Friday, 4 March 2016


The Argus (Melbourne) Wednesday 11 August, 1909.

It seems almost certain that if the Waratah
was sighted by the Guelph, both were proceeding 
along the South African coast along what is called
the inside course. It is an almost Invariable custom 
for steamers proceeding from Cape Town to
Durban, as the Guelph was, to follow this
track, so as to escape the strong current
which runs down the coast further out to
sea, near the Agulhas bank. By keeping
close inshore on the way up lo Durban
steamers miss meeting this current, and,
therefore, make smarter passages than if
they shaped a course further out, where the
tide runs strongly.
Captain J. V. Spalding, who was associated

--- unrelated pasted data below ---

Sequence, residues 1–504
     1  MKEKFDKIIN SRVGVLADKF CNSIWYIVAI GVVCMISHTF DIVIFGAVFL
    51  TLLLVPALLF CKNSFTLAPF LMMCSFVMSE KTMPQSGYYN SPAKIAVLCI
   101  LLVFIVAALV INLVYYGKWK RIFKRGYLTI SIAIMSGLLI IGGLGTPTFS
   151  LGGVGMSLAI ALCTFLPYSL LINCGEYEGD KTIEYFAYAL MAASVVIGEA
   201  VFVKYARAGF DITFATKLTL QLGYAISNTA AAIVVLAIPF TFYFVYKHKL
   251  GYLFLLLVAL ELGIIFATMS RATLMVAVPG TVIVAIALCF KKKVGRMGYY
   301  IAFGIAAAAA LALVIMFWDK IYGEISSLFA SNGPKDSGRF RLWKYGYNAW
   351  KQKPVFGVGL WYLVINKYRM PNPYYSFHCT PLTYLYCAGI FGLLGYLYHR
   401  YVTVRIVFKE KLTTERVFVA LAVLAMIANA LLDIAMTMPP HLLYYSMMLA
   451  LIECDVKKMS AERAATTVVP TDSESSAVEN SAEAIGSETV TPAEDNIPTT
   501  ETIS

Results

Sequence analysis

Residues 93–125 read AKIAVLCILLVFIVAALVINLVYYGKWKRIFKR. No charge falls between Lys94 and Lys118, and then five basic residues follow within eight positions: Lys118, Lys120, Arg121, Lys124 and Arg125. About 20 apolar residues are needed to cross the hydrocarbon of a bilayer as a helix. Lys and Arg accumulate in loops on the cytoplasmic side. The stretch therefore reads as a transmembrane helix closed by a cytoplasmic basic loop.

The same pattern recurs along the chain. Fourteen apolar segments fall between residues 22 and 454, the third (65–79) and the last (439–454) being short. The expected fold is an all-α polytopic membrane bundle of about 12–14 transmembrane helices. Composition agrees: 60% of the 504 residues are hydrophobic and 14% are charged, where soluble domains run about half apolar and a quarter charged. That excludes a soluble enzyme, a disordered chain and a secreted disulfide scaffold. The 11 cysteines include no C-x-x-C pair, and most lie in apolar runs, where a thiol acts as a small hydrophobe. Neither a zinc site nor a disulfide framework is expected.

with Aberdeen liners for many years,
is familiar with the coast and the courses
which steamers follow when traversing it.
In his opinion the Guelph was steering an
inside course and as she sighted the Waratah 
the latter vessel must also have been
coming along by the same track. In this
case the Waratah would miss the benefit of
the current which runs on the outside

Yes, the Waratah would not have been as close to the inside track under normal circumstances. According to the Guelph signaler the 'Waratah' was not displaying signals of distress and not wallowing about, dead in the water. No, whichever way one approaches at this account it holds no validity. 

No comments: